Critical Theory Since the 1960s

Subject MULT90053 (2015)

Note: This is an archived Handbook entry from 2015.

Credit Points: 6.25
Level: 9 (Graduate/Postgraduate)
Dates & Locations:

This subject is not offered in 2015.

Time Commitment: Contact Hours: Intensive, 3 hours x 4, total 12 hours
Total Time Commitment:

Total 85 Hours

Prerequisites: None
Corequisites: None
Recommended Background Knowledge: None
Non Allowed Subjects: None
Core Participation Requirements:

For the purposes of considering request for Reasonable Adjustments under the Disability Standards for Education (Cwth 2005), and Student Support and Engagement Policy, academic requirements for this subject are articulated in the Subject Overview, Learning Outcomes, Assessment and Generic Skills sections of this entry.

It is University policy to take all reasonable steps to minimise the impact of disability upon academic study, and reasonable adjustments will be made to enhance a student's participation in the University's programs. Students who feel their disability may impact on meeting the requirements of this subject are encouraged to discuss this matter with a Faculty Student Adviser and Student Equity and Disability Support:


Office of Graduate Studies, Faculty of Arts


Subject Overview:

This subject elective will focus on some of the key developments in critical theory since the 1960s, drawing upon theoretical traditions from across the humanities and social sciences. This subject will critically evaluate some of the key theoretical models, their historical influences (eg the Frankfurt School), and their points of intersection. Theoretical traditions and areas to be explored include structuralism and cultural anthropology; semiotics, intertextuality and post-structuralism; psychoanalysis, ideology and feminism; postmodernism; sense theory; and theories of spatiality and human geography. Some of the writings by major theorists to be explored include Claude Levi-Strauss, Julia Kristeva, Roland Barthes, Michel Foucault, Louis Althusser, Laura Mulvey, Judith Butler, Donna Haraway, Jacques Lacan, Fredric Jameson, Jean Baudrillard, Henri Lefebvre, Michel de Certeau, Edward Soja, Giulana Bruno, Paul Rodaway, Vivian Sobchack and Laura U. Marks.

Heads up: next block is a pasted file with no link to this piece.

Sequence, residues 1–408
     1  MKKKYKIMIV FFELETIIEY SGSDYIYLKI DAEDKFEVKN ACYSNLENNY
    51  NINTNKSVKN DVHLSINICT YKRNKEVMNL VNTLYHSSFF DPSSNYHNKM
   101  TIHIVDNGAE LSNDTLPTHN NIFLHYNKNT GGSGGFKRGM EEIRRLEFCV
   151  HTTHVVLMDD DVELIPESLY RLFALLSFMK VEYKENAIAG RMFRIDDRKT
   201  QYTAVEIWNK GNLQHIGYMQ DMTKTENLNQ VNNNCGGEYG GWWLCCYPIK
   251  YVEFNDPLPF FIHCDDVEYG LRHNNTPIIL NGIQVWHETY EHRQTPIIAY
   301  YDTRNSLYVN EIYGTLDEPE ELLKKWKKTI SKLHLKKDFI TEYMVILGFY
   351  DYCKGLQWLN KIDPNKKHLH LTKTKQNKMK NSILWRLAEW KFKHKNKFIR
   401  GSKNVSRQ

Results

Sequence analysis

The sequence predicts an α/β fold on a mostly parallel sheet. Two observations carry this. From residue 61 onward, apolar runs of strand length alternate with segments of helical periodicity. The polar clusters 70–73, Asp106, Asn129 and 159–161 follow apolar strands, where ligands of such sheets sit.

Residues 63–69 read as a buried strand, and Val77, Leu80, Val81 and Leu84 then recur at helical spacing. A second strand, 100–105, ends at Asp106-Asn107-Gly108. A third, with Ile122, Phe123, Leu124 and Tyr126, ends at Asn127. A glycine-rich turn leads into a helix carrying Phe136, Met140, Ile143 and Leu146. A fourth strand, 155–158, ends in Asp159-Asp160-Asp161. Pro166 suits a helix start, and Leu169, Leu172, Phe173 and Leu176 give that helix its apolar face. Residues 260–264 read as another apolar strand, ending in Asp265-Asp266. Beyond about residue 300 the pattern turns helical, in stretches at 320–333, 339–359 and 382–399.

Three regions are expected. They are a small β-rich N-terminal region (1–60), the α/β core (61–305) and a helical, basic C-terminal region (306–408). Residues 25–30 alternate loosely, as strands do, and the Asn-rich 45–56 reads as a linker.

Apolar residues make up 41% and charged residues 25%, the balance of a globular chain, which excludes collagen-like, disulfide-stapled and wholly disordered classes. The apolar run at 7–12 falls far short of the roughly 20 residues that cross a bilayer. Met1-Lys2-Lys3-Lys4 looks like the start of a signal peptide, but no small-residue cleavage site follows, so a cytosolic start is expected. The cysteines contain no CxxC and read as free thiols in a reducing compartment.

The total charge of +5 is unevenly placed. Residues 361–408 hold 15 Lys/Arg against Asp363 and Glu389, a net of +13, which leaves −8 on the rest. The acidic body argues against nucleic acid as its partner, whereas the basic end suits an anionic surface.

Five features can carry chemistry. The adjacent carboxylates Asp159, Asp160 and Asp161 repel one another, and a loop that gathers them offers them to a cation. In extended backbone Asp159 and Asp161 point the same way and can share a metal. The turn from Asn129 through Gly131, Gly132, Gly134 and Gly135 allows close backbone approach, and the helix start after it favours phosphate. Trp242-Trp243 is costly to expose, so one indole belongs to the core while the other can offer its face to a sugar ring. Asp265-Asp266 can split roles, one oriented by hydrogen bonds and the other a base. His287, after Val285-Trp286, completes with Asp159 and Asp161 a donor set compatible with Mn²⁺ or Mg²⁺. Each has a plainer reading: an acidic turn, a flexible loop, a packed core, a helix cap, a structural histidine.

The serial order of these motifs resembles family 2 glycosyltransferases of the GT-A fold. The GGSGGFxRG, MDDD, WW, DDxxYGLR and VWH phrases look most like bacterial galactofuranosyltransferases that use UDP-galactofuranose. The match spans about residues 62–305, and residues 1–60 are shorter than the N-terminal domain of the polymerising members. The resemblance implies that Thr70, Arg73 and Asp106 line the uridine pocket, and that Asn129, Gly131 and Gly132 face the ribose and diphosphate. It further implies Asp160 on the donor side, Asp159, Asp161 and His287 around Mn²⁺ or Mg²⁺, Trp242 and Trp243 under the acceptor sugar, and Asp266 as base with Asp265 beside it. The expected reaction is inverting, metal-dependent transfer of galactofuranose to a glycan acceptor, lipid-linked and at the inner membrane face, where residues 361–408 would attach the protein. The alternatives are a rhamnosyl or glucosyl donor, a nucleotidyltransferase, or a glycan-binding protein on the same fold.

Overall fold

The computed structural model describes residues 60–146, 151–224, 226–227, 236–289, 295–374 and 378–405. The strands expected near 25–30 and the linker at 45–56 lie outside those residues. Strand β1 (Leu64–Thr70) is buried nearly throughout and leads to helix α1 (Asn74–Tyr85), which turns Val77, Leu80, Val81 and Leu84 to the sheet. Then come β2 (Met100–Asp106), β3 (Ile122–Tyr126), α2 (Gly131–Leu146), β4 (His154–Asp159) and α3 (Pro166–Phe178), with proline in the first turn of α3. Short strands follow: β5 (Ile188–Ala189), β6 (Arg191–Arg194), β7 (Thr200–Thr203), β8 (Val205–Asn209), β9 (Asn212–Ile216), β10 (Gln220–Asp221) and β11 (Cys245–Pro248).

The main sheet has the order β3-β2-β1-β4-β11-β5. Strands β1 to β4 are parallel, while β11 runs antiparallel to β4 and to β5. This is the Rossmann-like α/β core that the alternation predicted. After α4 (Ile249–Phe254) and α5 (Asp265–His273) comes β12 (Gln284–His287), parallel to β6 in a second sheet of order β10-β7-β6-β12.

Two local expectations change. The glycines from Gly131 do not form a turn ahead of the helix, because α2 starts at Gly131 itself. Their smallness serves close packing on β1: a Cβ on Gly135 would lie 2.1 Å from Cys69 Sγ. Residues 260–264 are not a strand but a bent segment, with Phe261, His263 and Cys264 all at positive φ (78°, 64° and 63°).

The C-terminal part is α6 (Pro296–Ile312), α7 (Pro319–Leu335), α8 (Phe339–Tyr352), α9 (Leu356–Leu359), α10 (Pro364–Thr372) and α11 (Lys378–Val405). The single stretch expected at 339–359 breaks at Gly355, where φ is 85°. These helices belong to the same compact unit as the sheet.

This subject will appeal particularly to students who are interested in understanding and exploring some of the main writings and ideas in contemporary critical theory, and considering their practical application to the analysis of literary, screen, visual and other media forms.

Learning Outcomes:

To provide advanced intensive instruction in a topic or area of scholarship in the humanities, social sciences or creative arts. A student who completes this subject should have:

  • enhanced knowledge of the topic or area of scholarship taught in the module;
  • an ability to reflect upon their own research work in relation to the content of the module;
  • enhanced engagement with leading-edge research in Arts today.
  • one 500-word essay proposal. Due during the teaching period (20%)
  • one 2000-word essay. Due within four weeks of completion of teaching (80%)
Prescribed Texts: None
Breadth Options:

This subject is not available as a breadth subject.

Fees Information: Subject EFTSL, Level, Discipline & Census Date
Related Course(s): Ph.D.- Arts

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